RECRUITMENT specialist Harvey Nash said yesterday that a rise in jobs in financial services had helped the company to boost its profit.
The firm saw pre-tax rise to £2.6m from £1.8m a year earlier as new life was breathed into the jobs market following the recession.
An increase in regulation has seen companies recruit more risk specialists, according to the company.
Banks are also hiring more IT specialists as mergers – like that of Lloyds and HBOS – have created problems as incompatible computer systems have caused confusion.
Harvey Nash chief executive Albert Ellis said: “Things are looking better. We have seen an improvement in jobs in the City.
“Companies are employing more permanent staff and the added regulation means companies need specialists to deal with that.
“Jobs in tech are also picking up and things seem to be improving.”
The company saw revenue drop despite the profit rise.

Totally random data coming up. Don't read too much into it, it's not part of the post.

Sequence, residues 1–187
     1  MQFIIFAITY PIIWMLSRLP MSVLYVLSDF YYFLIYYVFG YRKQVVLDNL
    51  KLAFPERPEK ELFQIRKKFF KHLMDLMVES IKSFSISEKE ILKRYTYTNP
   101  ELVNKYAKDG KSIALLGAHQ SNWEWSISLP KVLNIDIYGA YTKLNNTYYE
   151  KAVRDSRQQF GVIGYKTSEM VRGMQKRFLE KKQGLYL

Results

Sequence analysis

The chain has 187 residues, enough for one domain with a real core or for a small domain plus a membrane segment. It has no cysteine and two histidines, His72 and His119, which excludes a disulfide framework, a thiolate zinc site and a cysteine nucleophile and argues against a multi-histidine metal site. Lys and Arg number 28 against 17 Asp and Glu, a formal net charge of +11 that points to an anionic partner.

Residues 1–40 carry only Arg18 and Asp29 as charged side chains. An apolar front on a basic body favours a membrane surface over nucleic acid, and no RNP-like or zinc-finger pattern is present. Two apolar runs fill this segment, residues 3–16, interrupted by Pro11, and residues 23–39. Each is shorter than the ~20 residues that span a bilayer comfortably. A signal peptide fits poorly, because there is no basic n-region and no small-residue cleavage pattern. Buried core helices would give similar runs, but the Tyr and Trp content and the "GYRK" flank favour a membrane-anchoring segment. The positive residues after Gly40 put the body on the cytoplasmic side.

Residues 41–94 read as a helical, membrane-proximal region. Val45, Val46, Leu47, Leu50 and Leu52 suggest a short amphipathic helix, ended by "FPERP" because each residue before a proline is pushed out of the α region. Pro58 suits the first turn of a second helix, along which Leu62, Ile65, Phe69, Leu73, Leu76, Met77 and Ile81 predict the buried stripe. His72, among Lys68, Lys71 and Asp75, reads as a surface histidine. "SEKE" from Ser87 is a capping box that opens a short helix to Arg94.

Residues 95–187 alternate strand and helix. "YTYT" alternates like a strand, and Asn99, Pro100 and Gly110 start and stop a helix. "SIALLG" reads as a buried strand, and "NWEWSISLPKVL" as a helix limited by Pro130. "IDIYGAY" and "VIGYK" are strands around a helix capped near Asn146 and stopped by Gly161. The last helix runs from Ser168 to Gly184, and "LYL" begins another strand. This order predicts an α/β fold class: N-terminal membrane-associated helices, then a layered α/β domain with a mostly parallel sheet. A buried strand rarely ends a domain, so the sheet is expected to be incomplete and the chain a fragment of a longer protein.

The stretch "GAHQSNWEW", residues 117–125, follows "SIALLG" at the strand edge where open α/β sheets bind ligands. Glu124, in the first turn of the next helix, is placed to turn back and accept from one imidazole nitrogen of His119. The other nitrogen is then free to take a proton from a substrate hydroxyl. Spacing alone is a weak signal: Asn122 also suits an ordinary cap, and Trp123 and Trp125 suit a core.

Ellis attributed the lower revenue to a fall in the number of contract staff being employed.
He added: “There is less activity with contracts but on the whole things are picking up.”
However, he issued a stark warning to the government that the recovery should not be strangled through a hike in taxes in the financial services sector.
Ellis said: “The government has to be very careful not to overstep the mark and attack the City because of the huge contribution it makes. To raise taxes would be a very bad idea with a fragile economy.”
The company announced an interim dividend of 0.935p per share has been recommended, up from 0.850p in 2009.